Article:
If you have tried the troubleshooting steps and the disk0s2 I/O error persists, it’s a good idea to contact Apple Support for further assistance. An Apple technician can help diagnose whether the issue stems from a software problem or an underlying hardware issue that requires repair or replacement.

Apple Support can run diagnostics on your Mac’s storage drive to pinpoint the cause of the I/O error. If it’s determined to be a hardware problem like a faulty SATA cable or failed hard drive, Apple can arrange for a repair or replacement of the hardware under warranty if applicable.

You can contact Apple Support by phone, online chat, or booking an appointment at an Apple Store’s Genius Bar. Be prepared to provide your Mac’s serial number and describe the disk0s2 error you are experiencing. The Apple technician can then provide customized troubleshooting steps or get you set up for a repair.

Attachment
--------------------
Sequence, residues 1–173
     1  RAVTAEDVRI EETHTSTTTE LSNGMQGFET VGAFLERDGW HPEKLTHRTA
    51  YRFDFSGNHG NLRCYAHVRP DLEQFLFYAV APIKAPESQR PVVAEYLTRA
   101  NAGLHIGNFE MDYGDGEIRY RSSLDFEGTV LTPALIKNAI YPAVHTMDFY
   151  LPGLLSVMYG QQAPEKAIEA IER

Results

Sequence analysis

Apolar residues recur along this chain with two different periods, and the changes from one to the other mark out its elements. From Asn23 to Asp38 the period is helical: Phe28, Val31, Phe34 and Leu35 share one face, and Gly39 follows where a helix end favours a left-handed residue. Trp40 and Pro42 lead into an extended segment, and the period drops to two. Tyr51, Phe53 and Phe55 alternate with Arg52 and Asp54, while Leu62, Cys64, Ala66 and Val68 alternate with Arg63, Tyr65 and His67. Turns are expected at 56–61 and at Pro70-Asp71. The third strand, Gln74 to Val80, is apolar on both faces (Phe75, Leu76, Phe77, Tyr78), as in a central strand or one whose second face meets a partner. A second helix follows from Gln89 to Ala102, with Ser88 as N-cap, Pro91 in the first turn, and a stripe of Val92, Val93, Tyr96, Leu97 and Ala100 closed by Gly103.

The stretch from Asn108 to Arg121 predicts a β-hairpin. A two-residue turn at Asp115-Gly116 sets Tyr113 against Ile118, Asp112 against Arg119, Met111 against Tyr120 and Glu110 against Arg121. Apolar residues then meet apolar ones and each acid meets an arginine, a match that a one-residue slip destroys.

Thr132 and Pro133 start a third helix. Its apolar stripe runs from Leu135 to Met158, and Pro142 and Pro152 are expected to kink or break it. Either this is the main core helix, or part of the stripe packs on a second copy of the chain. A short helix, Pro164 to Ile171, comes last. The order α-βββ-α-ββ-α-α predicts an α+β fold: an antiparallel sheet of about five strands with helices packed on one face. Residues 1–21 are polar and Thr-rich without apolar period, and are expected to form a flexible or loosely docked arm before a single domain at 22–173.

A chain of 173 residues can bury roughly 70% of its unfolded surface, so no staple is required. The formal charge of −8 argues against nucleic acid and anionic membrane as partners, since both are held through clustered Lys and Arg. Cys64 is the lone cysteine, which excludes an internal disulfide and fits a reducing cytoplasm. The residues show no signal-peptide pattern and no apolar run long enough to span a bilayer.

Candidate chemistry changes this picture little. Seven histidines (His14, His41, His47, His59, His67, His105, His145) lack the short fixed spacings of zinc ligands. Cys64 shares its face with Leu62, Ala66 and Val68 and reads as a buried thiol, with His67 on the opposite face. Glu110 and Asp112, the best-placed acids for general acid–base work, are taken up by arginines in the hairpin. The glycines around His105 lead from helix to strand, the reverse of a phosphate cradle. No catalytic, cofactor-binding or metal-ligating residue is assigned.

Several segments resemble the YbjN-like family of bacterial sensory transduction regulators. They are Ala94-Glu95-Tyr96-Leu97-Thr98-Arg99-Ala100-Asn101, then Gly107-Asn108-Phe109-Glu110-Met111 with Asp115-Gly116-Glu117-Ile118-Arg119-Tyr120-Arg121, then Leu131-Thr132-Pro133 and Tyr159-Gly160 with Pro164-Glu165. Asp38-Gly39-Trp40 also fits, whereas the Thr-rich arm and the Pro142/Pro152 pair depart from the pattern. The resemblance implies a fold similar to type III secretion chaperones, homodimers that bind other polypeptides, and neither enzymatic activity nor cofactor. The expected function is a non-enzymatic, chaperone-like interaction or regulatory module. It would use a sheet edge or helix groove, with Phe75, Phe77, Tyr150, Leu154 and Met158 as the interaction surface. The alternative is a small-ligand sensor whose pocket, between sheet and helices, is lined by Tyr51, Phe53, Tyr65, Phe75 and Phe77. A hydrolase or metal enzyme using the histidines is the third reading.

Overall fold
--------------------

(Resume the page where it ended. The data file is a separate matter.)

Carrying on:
As noted on Apple’s discussion forums, disk I/O errors often indicate a problem with the physical hard drive hardware. So if you’ve exhausted your own troubleshooting, having an Apple technician evaluate your Mac can help resolve persistent disk0s2 errors.

Data Recovery Options

If the data on your disk is extremely important to you, it is recommended to attempt data recovery before trying any repairs. There are a few options for recovering data from a disk with IO errors:

You can try using data recovery software like Wondershare Recoverit to scan the disk and recover files. This works best if the disk is still partially readable.

For more severe IO error cases, you may need to turn to a professional data recovery service. They have specialized tools and clean room facilities to attempt extracting data from drives with electrical or physical issues. This can be expensive but is sometimes the only option. Two well-reviewed professional data recovery firms are DriveSavers and Ontrack.

The key is recovering critical data before attempting any repairs on the disk that could potentially make data recovery impossible. Once the data is secure, you can then move forward with troubleshooting the IO errors.